a fourth record-breaking year for Dayton Children's #GivingTuesday challenge
champions make our children the true winners
A fourth year of success for Dayton Children’s #GivingTuesday challenge. More than 30 champions - employees, patient families and community members - raised $21,490 by harnessing the power of social media. That’s 32 percent more than last year. Many small gifts made a big difference – there were 355 donations, a record number and a 136 percent increase over 2014. Donations were still coming in several days after Giving Tuesday.
While that success is worth celebrating, the true winners are the children that need Dayton Children’s every single day. From CARE House to pet therapy, rehabilitation services to the Miracle Fund, each area chosen for a champion’s support will get an extra boost from the donations and better serve Dayton’s greatest treasures – our children.
Michelle Vollmar of Springboro, was the top champion, raising $2,305. Michelle will also receive a bonus $1,000 donation courtesy of Dayton Pediatric Imaging. As the president of the Dayton Children’s Women’s Board, all her donations will go to fund the Women’s Board’s CHA-CHA 2017 pledge to raise $500,000 to purchase a new nurse call system.
“As a mother, it gives me comfort knowing that my daughter can be treated at a world-class children's hospital by compassionate and skilled physicians and staff right in our own community,” says Vollmar. “Dayton Children's is just right for kids - mine and yours!Your donations truly do help to make a difference for our children and their families.”
Coming in second place was a fellow Women’s Board member, Lindsay Johnson from Springboro. She raised $2,290 and will receive a bonus $500 for the same cause – the nurse call system. “Thank you for giving thanks for the healthy children in your life and for helping children suffering from illness and injury,” says Johnson.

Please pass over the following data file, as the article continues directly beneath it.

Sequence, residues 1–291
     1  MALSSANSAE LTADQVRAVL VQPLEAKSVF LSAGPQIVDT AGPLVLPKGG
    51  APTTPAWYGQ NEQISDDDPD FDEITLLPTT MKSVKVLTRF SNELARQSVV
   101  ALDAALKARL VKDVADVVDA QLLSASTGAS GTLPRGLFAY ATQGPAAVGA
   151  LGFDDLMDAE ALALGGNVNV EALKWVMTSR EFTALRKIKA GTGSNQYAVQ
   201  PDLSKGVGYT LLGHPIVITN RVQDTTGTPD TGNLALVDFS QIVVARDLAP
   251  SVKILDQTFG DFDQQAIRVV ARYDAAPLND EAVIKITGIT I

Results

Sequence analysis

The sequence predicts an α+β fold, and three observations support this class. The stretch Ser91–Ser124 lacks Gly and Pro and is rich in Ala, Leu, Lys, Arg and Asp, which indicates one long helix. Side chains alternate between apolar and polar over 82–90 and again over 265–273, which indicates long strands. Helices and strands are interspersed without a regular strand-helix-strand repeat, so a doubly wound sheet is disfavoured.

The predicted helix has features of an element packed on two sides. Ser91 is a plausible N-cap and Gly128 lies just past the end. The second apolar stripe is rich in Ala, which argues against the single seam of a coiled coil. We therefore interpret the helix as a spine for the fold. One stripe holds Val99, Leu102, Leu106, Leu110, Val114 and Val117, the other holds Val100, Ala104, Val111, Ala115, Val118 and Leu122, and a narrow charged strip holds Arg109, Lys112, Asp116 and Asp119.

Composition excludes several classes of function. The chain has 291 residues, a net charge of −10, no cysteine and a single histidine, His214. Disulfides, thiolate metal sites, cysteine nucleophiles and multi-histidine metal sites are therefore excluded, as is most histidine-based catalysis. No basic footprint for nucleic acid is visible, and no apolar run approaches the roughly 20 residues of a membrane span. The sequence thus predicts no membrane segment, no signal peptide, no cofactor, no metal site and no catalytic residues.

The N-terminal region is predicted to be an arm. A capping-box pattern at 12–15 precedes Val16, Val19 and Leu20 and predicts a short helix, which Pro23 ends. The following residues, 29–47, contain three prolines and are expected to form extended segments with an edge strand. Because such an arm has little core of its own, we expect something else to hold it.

Rounding out the top three, Grace Jones from Kettering raised $1,335 for her cause – Emily’s Beads of Courage. Cancer patients receive one of these beads every time they undergo a medical procedure - for every poke, chemo treatment or blood draw. By the end of treatment, most have multiple necklaces.
“Kids battling cancer at Dayton Children’s are some of the most courageous people I have ever had the pleasure of knowing,” says Jones, a marketing communications coordinator at Dayton Children’s. “Every year, 50 new families find out their child has cancer and enter treatment at Dayton Children's. The Emily's Beads program helps provide something fun to focus on through that journey. I love that the bead programs gives them a tangible way of recognizing their courage and is just a small thing to make their cancer journey just a little bit easier.”
Jones will also receive a bonus amount for her cause - $250. All top three challengers receive free bread for a year from Panera Bread, thanks to the owners of the Dayton franchises, Covelli Enterprises.
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